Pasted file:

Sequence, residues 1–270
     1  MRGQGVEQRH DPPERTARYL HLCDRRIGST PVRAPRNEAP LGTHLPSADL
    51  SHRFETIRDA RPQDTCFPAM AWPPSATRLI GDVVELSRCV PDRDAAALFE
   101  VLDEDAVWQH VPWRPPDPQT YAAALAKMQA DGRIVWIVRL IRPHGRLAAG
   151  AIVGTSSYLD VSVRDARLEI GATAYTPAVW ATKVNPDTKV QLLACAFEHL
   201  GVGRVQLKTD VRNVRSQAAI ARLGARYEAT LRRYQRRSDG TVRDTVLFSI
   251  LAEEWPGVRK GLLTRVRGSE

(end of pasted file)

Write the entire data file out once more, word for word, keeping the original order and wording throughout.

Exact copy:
Sequence, residues 1–270
     1  MRGQGVEQRH DPPERTARYL HLCDRRIGST PVRAPRNEAP LGTHLPSADL
    51  SHRFETIRDA RPQDTCFPAM AWPPSATRLI GDVVELSRCV PDRDAAALFE
   101  VLDEDAVWQH VPWRPPDPQT YAAALAKMQA DGRIVWIVRL IRPHGRLAAG
   151  AIVGTSSYLD VSVRDARLEI GATAYTPAVW ATKVNPDTKV QLLACAFEHL
   201  GVGRVQLKTD VRNVRSQAAI ARLGARYEAT LRRYQRRSDG TVRDTVLFSI
   251  LAEEWPGVRK GLLTRVRGSE